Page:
Listen to the radio special...
Read "ROBERT DAVI:
A SOUND PORTRAIT"
in La Revista magazine.
If the Renaissance happened again in our times, in America the performing arts would be the premiere medium. Particularly the art of music is a constant companion to the greatest audience. To seek the great names of America’s New Renaissance music would lead us to genius performers like Frank Sinatra, Perry Como, Dean Martin just to name a very few. It would not be a finished search, though, until we found Robert Davi
"Robert Davi?” You ask? Who doesn’t know the amazing actor from his television and big screen appearances? His is a broad repertoire of talent from which to draw. Robert Davi has walked the Silver screen and raised a golden voice for the performing arts. To hear his voice is to slip through the fingers of time and find oneself in the golden age of crooners. In Davi’s album “The Road to Romance” he sings those remarkable songs popularized by Frank Sinatra. The impeccable production of this work, by Phil Ramone, renders it top shelf art of the Americas.
Robert Davi isn’t just sounding out the melodies from history. He lives the American Songbook. His knowledge of the music is an
art in and of itself. In this gallery of great thoughts we peruse the ideas and experiences of the great Robert Davi. Long live the arts!
The corporate jet; a smooth, classy, sophisticated ride to the perfect finish. How nice that would be. If you possess a millionaire’s taste but lack the assets, perhaps you will prefer a smooth, classy, sophisticated ride on the vocal wings of Brigitte Zarie. The timeless style of her sound is evocative of the big band era but is blessedly placed in our day, with a flawless fit. Brigitte positively purrs her own crooner anthems with a certain authority and power that escapes simple description. Her writing is on par with those wonderful evergreen tones; honest, charming and memorable. We wouldn’t have expected anything else from greatness. So strap into your seats for a talk with Brigitte Zarie, as she takes us on an singer-songwriter’s flight through memories, notions and brilliant conversation non-stop to great enjoyment.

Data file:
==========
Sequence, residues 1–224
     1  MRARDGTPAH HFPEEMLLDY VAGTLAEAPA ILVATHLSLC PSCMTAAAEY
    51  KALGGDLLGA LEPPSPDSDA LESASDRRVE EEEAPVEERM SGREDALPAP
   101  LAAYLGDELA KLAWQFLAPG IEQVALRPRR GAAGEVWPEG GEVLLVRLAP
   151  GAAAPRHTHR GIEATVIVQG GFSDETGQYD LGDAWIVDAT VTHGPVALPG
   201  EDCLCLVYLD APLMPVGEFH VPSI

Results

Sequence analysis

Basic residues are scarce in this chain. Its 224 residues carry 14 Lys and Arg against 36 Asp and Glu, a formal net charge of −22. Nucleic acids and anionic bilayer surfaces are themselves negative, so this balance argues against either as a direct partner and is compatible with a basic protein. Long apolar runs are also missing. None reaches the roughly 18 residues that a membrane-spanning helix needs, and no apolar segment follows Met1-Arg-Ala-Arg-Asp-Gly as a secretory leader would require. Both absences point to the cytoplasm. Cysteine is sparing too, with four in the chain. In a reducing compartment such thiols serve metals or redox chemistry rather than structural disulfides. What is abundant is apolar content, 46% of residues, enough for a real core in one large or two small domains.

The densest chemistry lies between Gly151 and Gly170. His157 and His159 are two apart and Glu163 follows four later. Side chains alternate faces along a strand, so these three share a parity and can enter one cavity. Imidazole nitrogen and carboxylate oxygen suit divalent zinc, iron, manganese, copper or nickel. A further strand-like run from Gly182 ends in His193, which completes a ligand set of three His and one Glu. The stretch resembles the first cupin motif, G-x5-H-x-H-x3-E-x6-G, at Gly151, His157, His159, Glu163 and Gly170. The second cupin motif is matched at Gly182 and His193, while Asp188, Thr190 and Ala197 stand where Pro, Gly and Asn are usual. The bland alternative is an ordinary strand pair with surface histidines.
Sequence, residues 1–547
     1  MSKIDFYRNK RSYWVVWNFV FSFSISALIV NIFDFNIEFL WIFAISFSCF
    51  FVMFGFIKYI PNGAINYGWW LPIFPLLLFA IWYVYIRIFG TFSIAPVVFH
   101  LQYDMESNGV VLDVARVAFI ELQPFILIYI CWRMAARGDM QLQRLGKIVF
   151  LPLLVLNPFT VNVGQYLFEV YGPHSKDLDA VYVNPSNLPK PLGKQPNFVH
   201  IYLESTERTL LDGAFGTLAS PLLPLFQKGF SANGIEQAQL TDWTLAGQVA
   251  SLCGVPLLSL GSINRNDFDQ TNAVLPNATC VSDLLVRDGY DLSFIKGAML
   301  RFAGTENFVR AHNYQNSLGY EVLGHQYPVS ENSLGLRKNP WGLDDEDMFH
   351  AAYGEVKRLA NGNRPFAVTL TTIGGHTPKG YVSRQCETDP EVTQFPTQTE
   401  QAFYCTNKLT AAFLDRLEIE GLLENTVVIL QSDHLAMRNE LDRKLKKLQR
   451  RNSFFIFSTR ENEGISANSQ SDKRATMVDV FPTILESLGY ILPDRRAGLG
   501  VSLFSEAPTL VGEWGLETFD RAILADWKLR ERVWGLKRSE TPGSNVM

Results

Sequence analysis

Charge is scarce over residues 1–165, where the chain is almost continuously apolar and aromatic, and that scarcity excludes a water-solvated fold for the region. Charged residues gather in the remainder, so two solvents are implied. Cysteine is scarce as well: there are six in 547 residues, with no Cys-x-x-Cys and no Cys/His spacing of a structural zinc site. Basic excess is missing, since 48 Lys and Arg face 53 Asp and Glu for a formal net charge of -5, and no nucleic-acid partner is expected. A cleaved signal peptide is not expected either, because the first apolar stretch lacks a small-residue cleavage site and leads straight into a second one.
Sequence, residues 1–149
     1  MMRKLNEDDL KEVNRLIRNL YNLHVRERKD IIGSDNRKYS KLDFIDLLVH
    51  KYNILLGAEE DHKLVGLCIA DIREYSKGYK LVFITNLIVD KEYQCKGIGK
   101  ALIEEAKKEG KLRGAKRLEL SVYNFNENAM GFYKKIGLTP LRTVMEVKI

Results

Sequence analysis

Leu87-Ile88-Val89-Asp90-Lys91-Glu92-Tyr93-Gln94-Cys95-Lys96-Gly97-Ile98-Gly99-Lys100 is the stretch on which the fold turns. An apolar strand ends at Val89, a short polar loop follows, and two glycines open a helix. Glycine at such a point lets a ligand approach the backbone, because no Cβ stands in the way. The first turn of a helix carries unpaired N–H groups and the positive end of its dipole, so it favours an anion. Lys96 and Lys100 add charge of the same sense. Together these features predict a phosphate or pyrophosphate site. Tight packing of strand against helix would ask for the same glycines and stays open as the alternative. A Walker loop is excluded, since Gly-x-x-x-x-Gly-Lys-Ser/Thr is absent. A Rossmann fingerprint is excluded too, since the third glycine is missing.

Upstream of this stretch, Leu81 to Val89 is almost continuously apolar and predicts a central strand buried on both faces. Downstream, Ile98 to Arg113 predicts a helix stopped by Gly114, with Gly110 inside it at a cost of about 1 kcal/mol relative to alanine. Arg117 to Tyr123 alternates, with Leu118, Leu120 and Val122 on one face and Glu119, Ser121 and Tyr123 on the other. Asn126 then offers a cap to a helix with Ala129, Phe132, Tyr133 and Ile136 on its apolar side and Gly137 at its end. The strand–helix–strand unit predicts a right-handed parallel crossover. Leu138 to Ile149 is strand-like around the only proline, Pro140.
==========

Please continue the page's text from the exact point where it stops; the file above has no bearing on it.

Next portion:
LATE AT NIGHT
It's fate that some should touch the heights that make a mem'ry fast recall,
The words and deeds that make hearts light, and let the tensions built, desolve,
A comic's not a name tag worn, nor ever was talent bought, a showman true, is only born, then hones the talent he has got,
Let the hours slip 'til night, who fears the dark in merriment, rather laugh in lowered light, then watch some other, lesser gent
Let talent come from where it will, in singers, actors, all renowned spectators nightly hours fill, with David, Paul and Kalter’s sounds,
those talents many lives enrich, by daring to speak humors script
As Letterman describes "the switch" it's genius either way it's flipped.
(A Poem by Daniel L. Buckner)
I was about 9 years old and staying up very late on a Friday. Everyone else was sound asleep and that was
the first time I ended up on “Late Night with David Letterman.” I distinctly remember the bandleader eating a bowl of Rice Krispies drizzled with Pepto-Bismol. Clearly I had stepped into another era of my